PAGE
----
Dudamel, 26, to Lead L.A. Orchestra

By Tim Page
Washington Post Staff Writer
Monday, April 9, 2007

Esa-Pekka Salonen, who helped turn the Los Angeles Philharmonic into one of the country's most venturesome and admired orchestras during his years as music director, will step down at the end of the 2008-2009 season, it was reported yesterday. By the time of his departure, Salonen will have led the orchestra for 17 years, the longest tenure in its history.

His replacement will be Gustavo Dudamel, a spirited and exciting young conductor from Venezuela who is exactly the same age -- 26 years old -- as Salonen was when he first appeared with the Los Angeles Philharmonic in 1984.

The Finnish-born Salonen, now 48, who is also a much-admired composer, will continue to live in Los Angeles and make occasional appearances with the orchestra. "I always felt that one day I would have to make the change in my own life, bite the bullet and see what it is to be a composer who conducts rather than the other way around," he told the Los Angeles Times, which reported the developments. "There is nothing drastic or dramatic behind this. I would say it's something quite normal or organic in my case."

Dudamel has been signed to an unusually long contract -- five years. Incredibly, he made his conducting debut only three years ago in a competition sponsored by the Bamberg Symphony in Germany. He made his first U.S. appearance in 2005 with the L.A. Philharmonic and has since gone on to conduct the Boston Symphony, the Chicago Symphony and the orchestra at Milan's La Scala opera house. Next season, he is slated to make debuts with the New York Philharmonic and the Berlin Philharmonic.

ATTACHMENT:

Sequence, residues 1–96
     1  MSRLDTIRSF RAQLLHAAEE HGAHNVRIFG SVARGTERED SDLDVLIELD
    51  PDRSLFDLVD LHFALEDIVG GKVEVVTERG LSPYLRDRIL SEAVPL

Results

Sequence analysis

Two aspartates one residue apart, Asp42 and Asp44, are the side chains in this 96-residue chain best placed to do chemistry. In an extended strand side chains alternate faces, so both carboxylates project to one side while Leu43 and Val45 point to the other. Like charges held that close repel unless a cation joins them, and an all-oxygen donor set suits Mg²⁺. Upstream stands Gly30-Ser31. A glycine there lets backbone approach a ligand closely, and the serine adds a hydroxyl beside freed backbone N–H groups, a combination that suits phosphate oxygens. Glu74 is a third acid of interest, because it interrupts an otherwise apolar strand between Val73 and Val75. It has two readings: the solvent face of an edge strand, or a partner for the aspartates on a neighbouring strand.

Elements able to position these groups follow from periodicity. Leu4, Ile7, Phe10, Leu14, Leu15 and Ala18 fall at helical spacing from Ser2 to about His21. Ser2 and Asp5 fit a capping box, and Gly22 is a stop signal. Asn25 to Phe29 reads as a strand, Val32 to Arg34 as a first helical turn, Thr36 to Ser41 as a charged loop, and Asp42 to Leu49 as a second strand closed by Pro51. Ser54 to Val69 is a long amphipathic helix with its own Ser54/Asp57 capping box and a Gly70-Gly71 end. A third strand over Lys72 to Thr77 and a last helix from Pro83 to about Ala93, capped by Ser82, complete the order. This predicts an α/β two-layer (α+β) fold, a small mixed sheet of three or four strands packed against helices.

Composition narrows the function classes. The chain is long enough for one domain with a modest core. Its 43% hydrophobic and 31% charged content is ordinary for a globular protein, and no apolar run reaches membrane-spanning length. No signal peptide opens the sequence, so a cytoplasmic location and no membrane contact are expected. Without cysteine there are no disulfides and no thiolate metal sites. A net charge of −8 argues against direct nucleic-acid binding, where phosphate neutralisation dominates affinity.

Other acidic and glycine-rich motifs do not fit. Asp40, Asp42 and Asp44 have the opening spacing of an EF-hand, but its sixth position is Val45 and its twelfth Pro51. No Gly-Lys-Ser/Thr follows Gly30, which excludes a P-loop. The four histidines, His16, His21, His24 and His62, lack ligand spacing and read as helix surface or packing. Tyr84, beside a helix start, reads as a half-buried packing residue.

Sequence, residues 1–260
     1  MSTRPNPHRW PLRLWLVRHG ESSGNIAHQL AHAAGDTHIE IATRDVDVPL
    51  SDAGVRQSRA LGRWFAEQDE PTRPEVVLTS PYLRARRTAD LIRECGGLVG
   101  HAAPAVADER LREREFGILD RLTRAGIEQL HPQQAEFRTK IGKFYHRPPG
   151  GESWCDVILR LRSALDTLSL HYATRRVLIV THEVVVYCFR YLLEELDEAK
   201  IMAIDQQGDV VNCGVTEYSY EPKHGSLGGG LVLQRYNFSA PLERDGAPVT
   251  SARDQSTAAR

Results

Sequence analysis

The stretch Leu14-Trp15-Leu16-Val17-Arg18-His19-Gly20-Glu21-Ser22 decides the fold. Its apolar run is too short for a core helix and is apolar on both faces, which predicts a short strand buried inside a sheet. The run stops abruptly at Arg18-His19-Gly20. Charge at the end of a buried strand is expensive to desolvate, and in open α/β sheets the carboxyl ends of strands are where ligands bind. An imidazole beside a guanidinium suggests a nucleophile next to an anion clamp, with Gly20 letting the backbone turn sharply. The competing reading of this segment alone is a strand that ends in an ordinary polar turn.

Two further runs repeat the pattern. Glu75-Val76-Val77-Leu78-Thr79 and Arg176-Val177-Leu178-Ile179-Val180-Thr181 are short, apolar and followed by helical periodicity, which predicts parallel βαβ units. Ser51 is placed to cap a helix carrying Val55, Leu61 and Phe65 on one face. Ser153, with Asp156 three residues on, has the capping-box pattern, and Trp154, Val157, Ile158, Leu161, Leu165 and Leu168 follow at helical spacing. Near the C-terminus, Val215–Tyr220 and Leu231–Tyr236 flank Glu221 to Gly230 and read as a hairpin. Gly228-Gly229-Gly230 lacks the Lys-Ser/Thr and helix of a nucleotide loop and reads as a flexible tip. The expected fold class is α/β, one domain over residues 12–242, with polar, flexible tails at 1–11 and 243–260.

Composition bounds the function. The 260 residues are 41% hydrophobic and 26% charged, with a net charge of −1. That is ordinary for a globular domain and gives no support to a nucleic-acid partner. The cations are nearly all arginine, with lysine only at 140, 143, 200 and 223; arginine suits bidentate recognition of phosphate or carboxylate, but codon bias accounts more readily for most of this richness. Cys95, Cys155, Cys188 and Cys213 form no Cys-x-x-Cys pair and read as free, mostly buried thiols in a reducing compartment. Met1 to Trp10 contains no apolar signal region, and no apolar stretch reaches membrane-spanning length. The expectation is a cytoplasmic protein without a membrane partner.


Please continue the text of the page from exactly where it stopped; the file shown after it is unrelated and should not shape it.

"He's definitely equipped with everything one needs to be conductor, and the mind is incredibly agile and quick," Salonen told Times music critic Mark Swed. ". . . The fascinating thing is going to be: What is the world for a 20-something like? It's bound to be very different from my world."

The National Symphony Orchestra is currently involved in its own search for a music director to take over for Leonard Slatkin when he steps down at the end of the 2007-2008 season. The NSO will probably play for at least a year under interim leadership, since principal guest conductor Ivan Fischer is unlikely to be named as music director, according to sources within the orchestra who spoke anonymously because of the sensitivity of personnel matters.

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